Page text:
ECF names £36m pioneering green office ‘Eden’

Boasting what is billed as Europe’s largest living wall, Eden will provide 115,000 sq ft of workspace within a 12-storey building that aims to break new ground in sustainable development. 

Construction of English Cities Fund’s £36m Salford block is under way, with Bowmer + Kirkland on site. The scheme is due to complete in 2023. 

Eden, located on the corner of Irwell Street and Stanley Street within ECF’s New Bailey development, is being built speculatively and its low-carbon credentials are expected to appeal to a broad range of potential occupiers for whom ESG is high on the agenda. 

Operational performance  

ECF is aiming for a 5.5-star NABERS rating. A system that measures how sustainable a building is in operation. There are currently no other buildings in the UK with this designation, according to the developer. 

Among the technologies and approaches contributing to this rating are: 

  • Enhanced, demand-controlled ventilation  
  • CO2 monitoring
  • A ban of fossil fuel usage  
  • Air source heat pumps generating heating, cooling and hot water 
  • Solar panels 

“Eden is designed to be net zero carbon in operation, achieving the UKGBC interim energy intensity targets for operational energy,” said Phil Marsden, project director at Muse Developments, part of the ECF partnership.

“We’ve accumulated a huge amount of knowledge over the past 18 months on how to extract the maximum from technology and resources for sustainability purposes.

“Some building projects that have suddenly changed focus to become more carbon efficient have struggled to find the resource to do so in both construction and the operation of those buildings. It’s vital that these requirements are embedded into the brief from the very start.”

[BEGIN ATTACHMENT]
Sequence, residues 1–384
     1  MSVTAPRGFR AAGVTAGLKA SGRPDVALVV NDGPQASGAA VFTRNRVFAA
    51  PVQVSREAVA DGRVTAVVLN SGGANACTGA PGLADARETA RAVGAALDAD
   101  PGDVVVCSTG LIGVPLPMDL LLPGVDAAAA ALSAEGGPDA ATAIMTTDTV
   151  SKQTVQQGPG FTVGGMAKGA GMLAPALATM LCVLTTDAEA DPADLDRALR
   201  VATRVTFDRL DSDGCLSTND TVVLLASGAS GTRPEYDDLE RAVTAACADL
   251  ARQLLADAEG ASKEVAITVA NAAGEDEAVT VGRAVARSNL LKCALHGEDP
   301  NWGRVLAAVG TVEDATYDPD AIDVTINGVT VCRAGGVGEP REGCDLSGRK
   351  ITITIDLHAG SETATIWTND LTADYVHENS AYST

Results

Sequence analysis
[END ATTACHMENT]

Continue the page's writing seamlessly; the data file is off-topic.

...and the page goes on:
This laser focus on environmental comes at a cost but it is perhaps not as high as one might expect. The cost of delivering Eden is around 3% higher than it would have been without such an emphasis on reducing its carbon footprint.

Plot A3 New Bailey ECF

Make Architects designed the scheme. Credit: via planning documents

The garden of Eden 

Also contributing to the building’s sustainability credentials is the aforementioned green façade.  

The 43,000 sq ft wall will comprise an array of plants, insect hotels and bird nesting boxes. It will feature 350,000 plants and is intended to provide several environmental benefits. 

These include removing toxins from the atmosphere, creating a significant increase in biodiversity, providing a habitat for birds, butterflies and pollinators, and improving the thermal performance of the building, according to Marsden. 

As well as adding to Eden’s green credentials, the living wall also covers up what would otherwise be an uninspiring façade, as Marsden explains. 

“To get to the operational energy targets that we set, we had to build a very, very, very efficient, simple façade, which is something we might all have to accept in terms of building carbon efficient buildings.” 

As the building will sit on a key gateway site, a dull façade would have left everyone underwhelmed, hence the thinking behind the green wall. 

“We’ve got to do something special with the façade,” Marsden said. “It is striking, and it will look amazing.” 

Plot A3 New Bailey ECF 2

The façade will feature 350,000 plants. Credit: via planning documents

Embodied carbon 

Operational performance is one thing, but typically embodied carbon accounts for between 50% and 60% of a building’s carbon footprint. 

In this regard, ECF has not been able to go as green as it would have liked. Timber frames were explored and discounted – “we couldn’t make it work”, Marsden told Place North West. 

“The industry and the market just isn’t there to build a 12-storey timber frame building. That would have been the perfect solution in terms of reducing embodied carbon.